BACTERIA IN THE MARINE SPONGE PACHYMATISMA JOHNSTONIA: STABLE ASSOCIATION OR TEMPORARILY CHANGING BIOCOENOSIS?Antje Wichels1, Steffen Kuppardt2, Gunnar Gerdts11Alfred Wegener Institute Foundation for Polar and Marine Research, Marine Station 2Helgoland, Dept. Ecological Chemistry, 27498 Helgoland, GermanyUniversity of Rostock, FB Biowissenschaften, 18051 Rostock, GermanyThe marine sponge Pachymatisma johnstonia (Demospongia) is a massive and compact sponge which grows in temperate and cold waters (North Sea, Northern Atlantic). The surface of Pachymatisma is plain and leathery, of grayish color and always without epibionts. The sponge is known to produce a potent bioactive glycoprotein (Pachymatismin) which inhibits cancer cells and has anti-leishmanial activity. The source of this protein, either sponges-born or produced by associated bacteria, still needs to be resolved. Since most of the marine bacteria are not culturable until now, we started to identify the bacteria associated with Pachymatisma using culture independent methods. Specimens, collected at different locations around the Orkney Isles (North Scotland) were analyzed regarding their associated bacteria directly after sampling and after 1 year of cultivation in a flow-through sea water aquarium on Helgoland. Molecular fingerprinting techniques (RISA and DGGE) were used to estimate the diversity of the bacteria associated with sponges of different origin. Similar band patterns in specimens of different locations were found but after 1 year of cultivation a shift in community composition was observed. Clonal databases of these samples also display a shift of the bacterial community composition. In their natural habitat, amongst other groups the majority of the clones belong to the Acidobacteria. After 1 year of cultivation the main groups were a Proteobacteria and Actinobacteria, no Acidobacteria were found. Consistently in both samples bacteria of the a Proteobacteria and Chloroflexi group were found. These two groups are presumed to live in close association with Pachymatisma johnstonia.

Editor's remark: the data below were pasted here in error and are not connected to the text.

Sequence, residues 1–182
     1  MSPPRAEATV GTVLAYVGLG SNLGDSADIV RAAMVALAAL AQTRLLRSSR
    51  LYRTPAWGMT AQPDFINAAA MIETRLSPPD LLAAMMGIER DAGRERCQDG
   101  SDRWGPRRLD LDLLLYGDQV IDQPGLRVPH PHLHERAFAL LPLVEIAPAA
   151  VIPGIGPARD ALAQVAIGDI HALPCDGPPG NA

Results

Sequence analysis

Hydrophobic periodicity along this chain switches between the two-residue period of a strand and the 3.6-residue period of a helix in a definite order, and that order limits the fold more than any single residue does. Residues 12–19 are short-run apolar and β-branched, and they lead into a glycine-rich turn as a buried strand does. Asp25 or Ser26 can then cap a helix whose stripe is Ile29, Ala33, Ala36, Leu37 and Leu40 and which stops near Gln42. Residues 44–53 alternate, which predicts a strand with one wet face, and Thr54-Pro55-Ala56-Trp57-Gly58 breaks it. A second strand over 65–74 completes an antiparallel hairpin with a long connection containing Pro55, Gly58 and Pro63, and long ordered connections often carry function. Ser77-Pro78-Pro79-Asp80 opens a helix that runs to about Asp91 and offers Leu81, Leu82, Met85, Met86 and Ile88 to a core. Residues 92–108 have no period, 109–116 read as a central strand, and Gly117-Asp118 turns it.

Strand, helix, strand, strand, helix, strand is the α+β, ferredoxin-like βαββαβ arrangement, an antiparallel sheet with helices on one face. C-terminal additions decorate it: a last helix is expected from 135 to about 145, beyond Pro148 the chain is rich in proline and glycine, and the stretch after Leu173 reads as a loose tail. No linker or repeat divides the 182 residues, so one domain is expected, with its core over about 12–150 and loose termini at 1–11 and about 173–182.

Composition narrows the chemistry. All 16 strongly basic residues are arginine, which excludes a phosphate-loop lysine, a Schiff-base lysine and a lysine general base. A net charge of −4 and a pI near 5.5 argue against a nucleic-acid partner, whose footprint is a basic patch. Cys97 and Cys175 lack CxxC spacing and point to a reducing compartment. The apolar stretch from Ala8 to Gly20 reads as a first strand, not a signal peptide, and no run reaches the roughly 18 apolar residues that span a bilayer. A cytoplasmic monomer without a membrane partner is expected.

Helmholtz Research Programs > MARCOPOLI (2004-2008) > CO2-Coastal diversity - key species and food webs
Helmholtz Research Programs > MARCOPOLI (2004-2008) > CO3-Chemical Interactions - ecological function and effects